Whitefaces (genus Leucorrhinia) are identified by their white face, small black patch at the base of each wing, and black legs. Frosted whiteface males are distinguished by a brown thorax with no red markings; abdominal segments one through four covered with a whitish, waxy bloom (frosted); and the region of the wing just beyond the forewing triangle having just two rows of cells, not three. Females and juveniles are difficult to distinguish from other whitefaces.

Robin’s carpenterworm (Prionoxystus robiniae), A Very Large Micromoth

Robin’s carpenterworm

Photo by Bill Reynolds

Micromoth is an artificial grouping having no taxonomic equivalent. The name suggests that these are small moths, and indeed most have a wingspans of less than ¾″. However, micromoths are not distinguished by size but by wing venation and the female reproductive tract.

Carpenterworms are wood-boring micromoths. The caterpillars feed by boring into the cambium layer of a tree. This creates galleries and tunnels under the outer bark that decrease the value of the wood and can sometimes kill the tree. Wood has little nutritional value. As a result, the caterpillars take 3 or 4 years to complete their life cycle. They pupate in the spring of their final year and emerge as adults between May and July.

Robin’s carpenterworm (Prionoxystus robiniae) is a medium-sized moth but a very large micromoth. Adults are 11 ⁄16″ to 1¾″ long with a wingspan of 17 ⁄16″ to 3⅜″. They are similar in size and appearance to sphinx moths and are often misidentified as such. They are distinguished by their large size, heavy body, abdomen that extends well beyond the hind wings, light gray wings with a net-like overlay of thin dark lines, accessory cell and 2 complete anal veins on the forewing, 3 anal veins on the hindwing, and yellowish-orange patch on the hindwing of the male.

Rattlesnake master (Eryngium yuccifolium var. yuccifolium)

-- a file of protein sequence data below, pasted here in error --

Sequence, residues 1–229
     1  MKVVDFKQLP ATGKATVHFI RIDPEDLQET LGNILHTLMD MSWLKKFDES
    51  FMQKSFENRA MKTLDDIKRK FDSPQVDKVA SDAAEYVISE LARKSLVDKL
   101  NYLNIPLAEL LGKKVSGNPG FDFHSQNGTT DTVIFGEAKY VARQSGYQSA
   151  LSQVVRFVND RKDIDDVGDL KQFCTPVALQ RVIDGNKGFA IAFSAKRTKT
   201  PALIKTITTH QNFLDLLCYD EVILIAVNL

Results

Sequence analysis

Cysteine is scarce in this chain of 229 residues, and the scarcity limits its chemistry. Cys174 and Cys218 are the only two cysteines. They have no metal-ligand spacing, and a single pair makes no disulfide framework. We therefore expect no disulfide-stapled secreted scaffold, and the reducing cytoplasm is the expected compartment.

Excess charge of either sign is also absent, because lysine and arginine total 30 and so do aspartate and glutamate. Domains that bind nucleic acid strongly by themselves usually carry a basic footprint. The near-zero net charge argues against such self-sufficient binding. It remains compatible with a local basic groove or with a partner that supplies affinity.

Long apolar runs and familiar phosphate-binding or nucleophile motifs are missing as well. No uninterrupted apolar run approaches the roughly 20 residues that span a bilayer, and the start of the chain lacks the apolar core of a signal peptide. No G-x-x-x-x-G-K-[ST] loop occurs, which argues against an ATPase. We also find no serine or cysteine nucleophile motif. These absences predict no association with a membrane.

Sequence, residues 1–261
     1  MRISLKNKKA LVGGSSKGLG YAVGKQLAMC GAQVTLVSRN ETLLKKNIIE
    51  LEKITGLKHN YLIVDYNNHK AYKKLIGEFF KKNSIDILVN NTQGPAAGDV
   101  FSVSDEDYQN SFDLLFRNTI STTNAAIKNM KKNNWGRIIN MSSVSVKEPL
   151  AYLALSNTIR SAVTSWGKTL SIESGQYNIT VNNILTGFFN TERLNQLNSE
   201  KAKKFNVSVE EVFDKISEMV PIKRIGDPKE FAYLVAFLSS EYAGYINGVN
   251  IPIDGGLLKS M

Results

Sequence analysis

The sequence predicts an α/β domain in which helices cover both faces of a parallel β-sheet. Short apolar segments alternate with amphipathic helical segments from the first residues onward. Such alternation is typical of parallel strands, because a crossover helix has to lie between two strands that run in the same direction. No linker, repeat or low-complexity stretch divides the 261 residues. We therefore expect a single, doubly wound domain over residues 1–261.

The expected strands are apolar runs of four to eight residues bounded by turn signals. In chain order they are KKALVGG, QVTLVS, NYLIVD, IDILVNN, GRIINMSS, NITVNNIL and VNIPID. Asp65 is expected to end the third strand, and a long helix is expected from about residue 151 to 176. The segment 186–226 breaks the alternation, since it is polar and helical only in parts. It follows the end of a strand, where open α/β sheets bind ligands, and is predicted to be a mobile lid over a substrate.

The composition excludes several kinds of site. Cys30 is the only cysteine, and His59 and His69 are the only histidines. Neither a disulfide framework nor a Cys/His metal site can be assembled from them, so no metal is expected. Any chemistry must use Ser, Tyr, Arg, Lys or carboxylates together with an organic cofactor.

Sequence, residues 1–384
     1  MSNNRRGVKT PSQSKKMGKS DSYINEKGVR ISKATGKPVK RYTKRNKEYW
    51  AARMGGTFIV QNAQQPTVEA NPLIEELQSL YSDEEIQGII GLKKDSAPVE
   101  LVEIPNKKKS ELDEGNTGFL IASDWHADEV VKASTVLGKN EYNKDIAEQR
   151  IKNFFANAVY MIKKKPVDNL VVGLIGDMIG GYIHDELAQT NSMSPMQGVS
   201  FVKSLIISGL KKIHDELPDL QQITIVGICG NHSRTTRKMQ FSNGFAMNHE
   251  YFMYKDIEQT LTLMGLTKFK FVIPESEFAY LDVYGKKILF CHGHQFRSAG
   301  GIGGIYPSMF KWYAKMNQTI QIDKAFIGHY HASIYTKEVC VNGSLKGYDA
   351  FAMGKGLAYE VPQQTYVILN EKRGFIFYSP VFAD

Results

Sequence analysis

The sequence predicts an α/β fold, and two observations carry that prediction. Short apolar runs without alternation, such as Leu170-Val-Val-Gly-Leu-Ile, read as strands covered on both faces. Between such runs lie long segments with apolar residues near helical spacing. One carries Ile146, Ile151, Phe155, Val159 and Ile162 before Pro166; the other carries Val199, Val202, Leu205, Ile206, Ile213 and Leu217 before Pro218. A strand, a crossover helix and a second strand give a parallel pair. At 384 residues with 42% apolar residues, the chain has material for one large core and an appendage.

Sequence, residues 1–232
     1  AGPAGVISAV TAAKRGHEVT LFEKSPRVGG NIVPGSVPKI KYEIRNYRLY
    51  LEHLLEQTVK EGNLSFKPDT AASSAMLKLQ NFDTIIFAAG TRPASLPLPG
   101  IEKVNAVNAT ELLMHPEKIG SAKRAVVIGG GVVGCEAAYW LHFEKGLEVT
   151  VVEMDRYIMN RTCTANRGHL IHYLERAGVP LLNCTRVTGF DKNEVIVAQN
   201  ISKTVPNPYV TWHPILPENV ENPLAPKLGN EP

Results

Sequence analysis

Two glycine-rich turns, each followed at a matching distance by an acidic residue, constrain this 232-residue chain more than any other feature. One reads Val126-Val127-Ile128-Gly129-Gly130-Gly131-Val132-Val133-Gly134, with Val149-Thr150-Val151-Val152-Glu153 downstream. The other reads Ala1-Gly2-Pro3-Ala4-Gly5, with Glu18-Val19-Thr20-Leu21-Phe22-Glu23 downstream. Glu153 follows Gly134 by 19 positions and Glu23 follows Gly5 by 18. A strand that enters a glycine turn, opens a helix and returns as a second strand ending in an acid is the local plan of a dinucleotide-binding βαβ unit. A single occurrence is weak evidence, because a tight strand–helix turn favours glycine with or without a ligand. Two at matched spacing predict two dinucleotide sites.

rattlesnake master

Rattlesnake master (Eryngium yuccifolium var. yuccifolium) is a common plant of native tallgrass prairies in the eastern United States. Southeastern Minnesota is the northwest extent of its natural range, but very little tallgrass prairie remains in the state. This habitat loss led the Minnesota DNR to list it as a special concern species in 1984.

The common name is derived from its traditional use by Native Americans to treat rattlesnake bite. The plant was also used as a diuretic, a sedative, a pain reliever, a tonic, and for cordage.

This plant is easily identified. The waxy, bluish-green stem and foliage; stiff, grass-like leaves with widely scattered spiny or thread-like teeth; and white, spherical flower heads, combine to create a unique appearance. There are no similar species in Minnesota.

Southern red-backed vole (Myodes gapperi)

southern red-backed vole

Photo by Kirk Nelson

There are six species of voles found in Minnesota. Southern red-backed vole (Myodes gapperi) is one of the smallest. It is common in moist deciduous, coniferous and mixed forests with stumps and logs for ground cover. It is usually the most common rodent in cedar, tamarack, and black spruce swamps. It is active both during the day and at night but more often at night. It is solitary, not forming colonies or pair bonds. It forages mostly on the ground but also in trees. This is the only vole in Minnesota that is a good climber of trees.

Southern red-backed vole is distinguished from mice by a stouter body; shorter, hairy tail; smaller ears and eyes; and molars with high crowns and angular cusps. It is easily distinguished from other voles by the gray sides and reddish back.